Sign up ×
Physics Stack Exchange is a question and answer site for active researchers, academics and students of physics. It's 100% free.

Suppose two cases where masses are attached to massless, inextensible strings.

In the first case a body which has a weight of 20 Newtons(downwards) is attached to a string which is acted upon by a force of 100 Newtons upwards.

In the second case, a body of weight 10 Newtons is attached to a string and again a force of 100 Newtons upwards is applied on the string.

These two cases are identical except for the magnitudes of the weights attached to the strings. However, I think that the tension in both strings will equal 100 Newtons(the reaction force for the upward force).

If this is correct, how is it that the string has the same tension when different forces are applied on it? Intuitively, shouldn't the string stretch more and have more tension when a larger force acts on it on one side.

And if the tension in both cases is not equal then how can the tension in the strings be calculated?

share|cite|improve this question
It depends on what is meant by a string which is acted upon by a force of 100 Newtons upwards. Assume for the moment the top end of the string is tied to something - obviously the tension in the string is 20N in the first case and 10N in the second. If acted upon by a force of 100N means 100N extra then the tension will be 120N and 110N respectively. If it means 100N total, i.e. 80N extra in the first case and 90N extra in the second case, then the tensions will both be 100N. – John Rennie Jun 14 '14 at 7:14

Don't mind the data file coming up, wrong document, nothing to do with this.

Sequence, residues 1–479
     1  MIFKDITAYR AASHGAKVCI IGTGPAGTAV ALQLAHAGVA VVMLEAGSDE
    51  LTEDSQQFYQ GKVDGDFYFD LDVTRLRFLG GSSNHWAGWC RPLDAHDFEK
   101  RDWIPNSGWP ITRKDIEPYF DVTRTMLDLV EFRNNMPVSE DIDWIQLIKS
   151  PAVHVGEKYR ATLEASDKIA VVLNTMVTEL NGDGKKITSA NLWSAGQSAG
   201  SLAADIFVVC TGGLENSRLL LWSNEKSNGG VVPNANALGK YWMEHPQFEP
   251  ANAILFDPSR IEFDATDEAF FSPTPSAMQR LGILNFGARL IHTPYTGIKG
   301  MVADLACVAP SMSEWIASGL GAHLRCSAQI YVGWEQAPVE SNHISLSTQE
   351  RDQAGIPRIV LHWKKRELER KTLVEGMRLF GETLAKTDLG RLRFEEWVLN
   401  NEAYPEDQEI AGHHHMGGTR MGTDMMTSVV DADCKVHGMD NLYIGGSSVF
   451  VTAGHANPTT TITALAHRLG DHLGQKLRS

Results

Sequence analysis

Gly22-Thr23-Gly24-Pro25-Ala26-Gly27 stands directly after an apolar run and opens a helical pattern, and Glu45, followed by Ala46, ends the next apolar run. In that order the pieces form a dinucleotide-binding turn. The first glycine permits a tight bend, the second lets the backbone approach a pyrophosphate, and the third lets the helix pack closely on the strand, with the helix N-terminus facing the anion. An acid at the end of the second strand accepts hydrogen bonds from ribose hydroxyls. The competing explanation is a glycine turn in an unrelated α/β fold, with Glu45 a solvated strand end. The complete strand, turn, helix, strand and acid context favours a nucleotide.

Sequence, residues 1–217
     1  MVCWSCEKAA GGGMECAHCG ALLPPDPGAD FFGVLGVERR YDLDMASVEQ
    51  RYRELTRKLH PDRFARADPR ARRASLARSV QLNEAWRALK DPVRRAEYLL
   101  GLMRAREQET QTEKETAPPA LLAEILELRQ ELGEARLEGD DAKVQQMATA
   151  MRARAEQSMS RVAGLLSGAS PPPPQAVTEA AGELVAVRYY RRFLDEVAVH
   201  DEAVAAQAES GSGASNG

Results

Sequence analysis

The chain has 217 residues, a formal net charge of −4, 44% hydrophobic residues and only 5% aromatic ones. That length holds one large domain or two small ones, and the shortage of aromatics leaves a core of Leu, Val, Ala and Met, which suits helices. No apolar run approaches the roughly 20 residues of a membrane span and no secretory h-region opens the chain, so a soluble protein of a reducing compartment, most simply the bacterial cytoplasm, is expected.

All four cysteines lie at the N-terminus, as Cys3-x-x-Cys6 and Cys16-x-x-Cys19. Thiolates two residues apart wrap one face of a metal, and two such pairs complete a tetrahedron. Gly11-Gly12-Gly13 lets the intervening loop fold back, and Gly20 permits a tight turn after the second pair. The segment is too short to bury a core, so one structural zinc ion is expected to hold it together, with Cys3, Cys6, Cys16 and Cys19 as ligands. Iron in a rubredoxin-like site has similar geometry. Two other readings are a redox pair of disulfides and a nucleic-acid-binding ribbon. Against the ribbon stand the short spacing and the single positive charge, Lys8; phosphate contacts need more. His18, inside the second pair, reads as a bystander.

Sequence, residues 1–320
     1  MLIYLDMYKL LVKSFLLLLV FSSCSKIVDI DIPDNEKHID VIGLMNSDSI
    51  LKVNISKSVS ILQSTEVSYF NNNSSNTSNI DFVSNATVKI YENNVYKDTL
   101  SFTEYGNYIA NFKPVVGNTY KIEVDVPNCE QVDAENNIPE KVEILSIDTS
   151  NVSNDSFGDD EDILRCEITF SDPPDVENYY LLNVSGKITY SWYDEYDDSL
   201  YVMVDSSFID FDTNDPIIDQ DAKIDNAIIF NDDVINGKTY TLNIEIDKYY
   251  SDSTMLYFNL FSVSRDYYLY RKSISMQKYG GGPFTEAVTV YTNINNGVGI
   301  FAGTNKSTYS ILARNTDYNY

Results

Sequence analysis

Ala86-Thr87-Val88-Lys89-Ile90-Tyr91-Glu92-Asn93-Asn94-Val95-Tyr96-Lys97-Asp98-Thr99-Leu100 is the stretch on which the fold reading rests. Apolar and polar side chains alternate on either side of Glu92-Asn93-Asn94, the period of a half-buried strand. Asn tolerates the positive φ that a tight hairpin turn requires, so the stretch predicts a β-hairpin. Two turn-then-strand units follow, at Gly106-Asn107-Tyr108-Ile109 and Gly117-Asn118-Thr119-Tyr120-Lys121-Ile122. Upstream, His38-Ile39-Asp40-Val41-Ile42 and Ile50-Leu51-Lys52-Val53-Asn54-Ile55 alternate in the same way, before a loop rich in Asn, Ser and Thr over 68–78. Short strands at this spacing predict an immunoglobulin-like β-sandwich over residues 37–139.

Tension of a fixed-length, massless string is transitive because of Newton's third law, therefore the tension exerted on one end will transfer to the end connected to the mass as is. The gist of your question is: how is it possible that a force other than weight can be exerted on a mass, which is trivial to answer in this form. There's a difference between a force exerted on a mass and a force exerted on a massless object, which is simply a force carrier. – auxsvr Jun 14 '14 at 8:08

Your Answer


By posting your answer, you agree to the privacy policy and terms of service.

Browse other questions tagged or ask your own question.